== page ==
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guerra, kaine, senado, poderes de guerra, biden

Senate Seeks to Approve Bill to Limit Executive War Powers

The proposal put forward by the Republican senator for Indiana, Todd Young, and the Democratic senator for Virginia, Tim Kaine, is quite disruptive with respect to measures that facilitate the authorization of war actions, which have been growing for decades.

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Joe Biden’s interventionist agenda may be at risk of being neutralized by a new bipartisan bill in the Senate intended to limit the president’s war powers.

This new effort has been motivated by the recent airstrikes in Syria ordered by Biden. In view of this, both the Democratic and Republican sides have united in the Upper House of Congress to prevent it.

The proposal put forward by the Republican senator for Indiana, Todd Young, and the Democratic senator for Virginia, Tim Kaine, is quite disruptive with respect to measures that facilitate the authorization of war actions, which have been growing for decades.

guerra, tim kaine, biden, todd young, mike lee
The bipartisan bill also has the support of Senators Tammy Duckworth (D-IL), Mike Lee (R-UT), Chris Coons (D-DE), Chuck Grassley (R-IA), Dick Durbin (D-IL) and Rand Paul (R-KY).. (Flickr)

According to Tim Kaine’s Senate profile, lawmakers reintroduced his bill to repeal the 1991 and 2002 “authorizations” for the use of military force against Iraq. The Middle Eastern country that suffered bloody wars against America was heavily occupied during these past two decades (by both Democratic and Republican administrations).

However, it was during Donald Trump’s administration that the withdrawal and return of American troops began. However, looking deeper into this proposal that suggests ending constant wars, it does not seem to end conflicts abroad at the root.

What does the Kaine and Young anti-war bill propose?

While a notable effort against “endless wars,” the proposal is limited in curbing American involvement in war. The bill would repeal authorizations for the use of military force only in Iraq enacted in 1991 (which authorized the Gulf War) and 2002 (which authorized intervention and occupation to combat Al Qaeda). In this way the U.S. would reduce its presence in the area.

However, the Authorization for the Use of Military Force Against the Syrian Government to Respond to Chemical Weapons Use Act persists. In 2013 it was shelved with no votes for or against, and it can be easily reintroduced.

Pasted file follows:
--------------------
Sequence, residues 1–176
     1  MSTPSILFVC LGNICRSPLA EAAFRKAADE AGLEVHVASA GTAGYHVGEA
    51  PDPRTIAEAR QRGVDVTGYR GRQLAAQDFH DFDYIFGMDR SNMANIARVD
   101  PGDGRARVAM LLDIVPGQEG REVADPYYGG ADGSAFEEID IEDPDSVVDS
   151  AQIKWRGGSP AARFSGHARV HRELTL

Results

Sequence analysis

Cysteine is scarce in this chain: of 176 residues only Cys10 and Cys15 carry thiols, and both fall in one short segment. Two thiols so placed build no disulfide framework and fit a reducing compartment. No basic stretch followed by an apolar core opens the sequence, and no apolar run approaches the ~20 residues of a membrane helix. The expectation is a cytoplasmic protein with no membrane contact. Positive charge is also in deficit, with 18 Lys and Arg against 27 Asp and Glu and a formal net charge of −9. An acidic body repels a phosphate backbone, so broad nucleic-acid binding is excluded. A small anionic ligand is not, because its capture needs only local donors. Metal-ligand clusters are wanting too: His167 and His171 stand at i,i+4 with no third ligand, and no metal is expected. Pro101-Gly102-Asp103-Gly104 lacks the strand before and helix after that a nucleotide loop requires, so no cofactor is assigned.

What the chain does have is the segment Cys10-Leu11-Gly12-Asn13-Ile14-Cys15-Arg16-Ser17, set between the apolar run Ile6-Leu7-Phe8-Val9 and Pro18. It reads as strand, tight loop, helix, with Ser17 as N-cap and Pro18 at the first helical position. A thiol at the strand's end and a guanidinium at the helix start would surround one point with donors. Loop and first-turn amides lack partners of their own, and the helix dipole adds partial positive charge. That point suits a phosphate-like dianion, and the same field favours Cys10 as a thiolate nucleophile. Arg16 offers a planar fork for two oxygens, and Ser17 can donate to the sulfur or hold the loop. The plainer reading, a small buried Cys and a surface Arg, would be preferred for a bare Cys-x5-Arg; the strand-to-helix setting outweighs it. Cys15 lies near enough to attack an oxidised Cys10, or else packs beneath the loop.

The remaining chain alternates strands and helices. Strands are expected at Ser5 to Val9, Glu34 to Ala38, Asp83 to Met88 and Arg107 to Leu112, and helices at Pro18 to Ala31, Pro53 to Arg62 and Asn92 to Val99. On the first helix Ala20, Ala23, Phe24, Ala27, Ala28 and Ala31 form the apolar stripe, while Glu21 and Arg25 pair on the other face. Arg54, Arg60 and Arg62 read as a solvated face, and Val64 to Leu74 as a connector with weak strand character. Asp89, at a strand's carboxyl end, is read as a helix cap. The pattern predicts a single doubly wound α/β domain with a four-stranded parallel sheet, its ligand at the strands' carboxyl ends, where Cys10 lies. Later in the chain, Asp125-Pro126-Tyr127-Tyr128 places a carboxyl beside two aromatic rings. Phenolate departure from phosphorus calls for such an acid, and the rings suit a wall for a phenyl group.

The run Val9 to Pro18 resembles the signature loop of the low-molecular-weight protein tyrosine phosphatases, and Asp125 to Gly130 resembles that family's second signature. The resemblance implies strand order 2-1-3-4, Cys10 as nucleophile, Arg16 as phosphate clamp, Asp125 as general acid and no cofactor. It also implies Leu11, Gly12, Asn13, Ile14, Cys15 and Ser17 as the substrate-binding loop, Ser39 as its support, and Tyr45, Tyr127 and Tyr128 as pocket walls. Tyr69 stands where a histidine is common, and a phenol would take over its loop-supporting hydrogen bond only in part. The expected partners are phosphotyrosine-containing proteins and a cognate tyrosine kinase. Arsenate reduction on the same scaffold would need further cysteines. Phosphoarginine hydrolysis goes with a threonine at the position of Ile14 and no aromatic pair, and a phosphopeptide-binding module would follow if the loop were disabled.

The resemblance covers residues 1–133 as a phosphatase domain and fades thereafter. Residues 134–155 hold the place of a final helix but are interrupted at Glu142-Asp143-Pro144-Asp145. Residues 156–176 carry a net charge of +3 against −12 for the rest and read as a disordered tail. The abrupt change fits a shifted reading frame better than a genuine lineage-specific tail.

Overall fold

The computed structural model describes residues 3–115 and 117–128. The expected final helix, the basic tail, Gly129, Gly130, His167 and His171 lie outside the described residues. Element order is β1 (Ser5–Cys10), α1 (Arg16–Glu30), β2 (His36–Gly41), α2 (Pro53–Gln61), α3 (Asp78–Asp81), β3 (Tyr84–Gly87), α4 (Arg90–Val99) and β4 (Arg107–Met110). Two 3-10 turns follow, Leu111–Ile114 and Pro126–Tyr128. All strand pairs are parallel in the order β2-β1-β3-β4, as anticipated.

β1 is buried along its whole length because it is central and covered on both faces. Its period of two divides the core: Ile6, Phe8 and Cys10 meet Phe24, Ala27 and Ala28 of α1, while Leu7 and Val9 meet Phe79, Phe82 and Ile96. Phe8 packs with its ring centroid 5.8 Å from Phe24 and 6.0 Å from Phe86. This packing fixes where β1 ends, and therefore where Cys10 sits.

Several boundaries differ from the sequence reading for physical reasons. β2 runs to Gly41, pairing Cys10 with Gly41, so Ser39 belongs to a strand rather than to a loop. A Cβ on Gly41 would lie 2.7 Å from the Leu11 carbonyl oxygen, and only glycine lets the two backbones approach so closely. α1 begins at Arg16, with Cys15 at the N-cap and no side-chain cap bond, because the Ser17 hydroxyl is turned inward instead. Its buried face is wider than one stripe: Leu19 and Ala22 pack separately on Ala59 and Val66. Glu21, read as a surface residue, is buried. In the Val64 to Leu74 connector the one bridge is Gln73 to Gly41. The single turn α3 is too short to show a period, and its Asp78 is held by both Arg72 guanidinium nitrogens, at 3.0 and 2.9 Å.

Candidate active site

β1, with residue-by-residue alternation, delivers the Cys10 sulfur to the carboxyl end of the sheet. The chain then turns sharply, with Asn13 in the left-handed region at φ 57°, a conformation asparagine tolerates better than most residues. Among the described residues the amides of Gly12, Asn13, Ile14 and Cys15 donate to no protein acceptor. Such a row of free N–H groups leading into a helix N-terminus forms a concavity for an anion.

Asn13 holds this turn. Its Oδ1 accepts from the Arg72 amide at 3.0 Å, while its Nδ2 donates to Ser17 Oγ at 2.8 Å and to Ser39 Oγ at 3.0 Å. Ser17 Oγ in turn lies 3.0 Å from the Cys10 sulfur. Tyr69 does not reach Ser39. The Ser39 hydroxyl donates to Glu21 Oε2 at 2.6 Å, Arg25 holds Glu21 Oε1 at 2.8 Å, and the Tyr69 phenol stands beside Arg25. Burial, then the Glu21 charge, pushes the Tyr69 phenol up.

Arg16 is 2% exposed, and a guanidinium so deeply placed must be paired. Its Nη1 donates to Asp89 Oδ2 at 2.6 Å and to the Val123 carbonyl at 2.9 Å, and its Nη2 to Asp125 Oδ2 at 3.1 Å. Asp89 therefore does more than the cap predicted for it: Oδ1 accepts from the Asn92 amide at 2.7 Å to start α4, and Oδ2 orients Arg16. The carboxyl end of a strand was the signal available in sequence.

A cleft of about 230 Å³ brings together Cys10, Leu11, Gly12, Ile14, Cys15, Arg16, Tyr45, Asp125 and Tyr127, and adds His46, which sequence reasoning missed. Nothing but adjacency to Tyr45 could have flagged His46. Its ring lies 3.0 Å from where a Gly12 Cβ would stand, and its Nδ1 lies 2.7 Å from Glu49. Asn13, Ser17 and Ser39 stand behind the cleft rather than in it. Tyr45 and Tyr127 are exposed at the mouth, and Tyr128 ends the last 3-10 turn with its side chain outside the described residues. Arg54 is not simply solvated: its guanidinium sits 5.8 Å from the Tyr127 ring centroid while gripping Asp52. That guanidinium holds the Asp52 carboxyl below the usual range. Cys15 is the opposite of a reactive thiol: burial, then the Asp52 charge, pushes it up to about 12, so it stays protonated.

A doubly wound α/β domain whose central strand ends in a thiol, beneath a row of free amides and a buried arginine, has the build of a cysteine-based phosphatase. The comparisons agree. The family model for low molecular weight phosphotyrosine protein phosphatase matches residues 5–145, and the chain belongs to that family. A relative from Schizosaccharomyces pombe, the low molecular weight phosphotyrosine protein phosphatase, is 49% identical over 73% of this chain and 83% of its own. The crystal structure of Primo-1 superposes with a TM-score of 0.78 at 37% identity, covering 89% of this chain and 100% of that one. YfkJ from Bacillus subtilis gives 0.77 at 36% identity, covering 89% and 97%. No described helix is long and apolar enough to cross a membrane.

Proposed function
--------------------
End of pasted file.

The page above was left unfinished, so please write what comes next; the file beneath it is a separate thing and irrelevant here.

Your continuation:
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Biden’s foreign policy unified bipartisan efforts agains wars they deem unnecesary. (Twitter)

If we look at who in 2013 voted in favor of a limited intervention in Syria, we can note that Senator Tim Kaine, (the same Senator who today wants to strip Biden of war powers in Iraq), voted in favor of intervention. While the bill prohibited Barack Obama from deploying U.S. troops, it allowed missile strikes like the ones Biden ordered a short time ago.

The comments

Senator Kaine stated that “the airstrikes in Syria show that the Executive Branch, regardless of party, will continue to expand its war powers.”

“Congress has a responsibility not only to vote to authorize new military actions,” Kaine elaborated, “but also to revoke old authorizations that are no longer needed. The 1991 and 2002 AUMFs that underpinned the war against Iraq must be removed from the books to prevent their misuse in the future.”

The Virginia senator later added in the same remarks that these authorizations serve no operational purpose, because they maintain a permanent war footing, undermining the sovereignty of Iraq, which he called a “close partner.” Kaine called for bipartisan support for the measure and urged the Biden administration to support it as well to “show the American people that the Article I and II branches can work together on these issues.

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Tim Kaine who today votes against war powers that can keep the war going in Iraq, voted a couple of years ago in favor of intervention in Syria. (Flickr)

According to the same official Kaine press release, Republican Senator Mike Lee stated that Congress has a responsibility not only to declare war, but also to end conflict. “When authorizations for the use of military force remain, they become ripe for abuse, expanding far beyond the intent of Congress,” Lee asserted.

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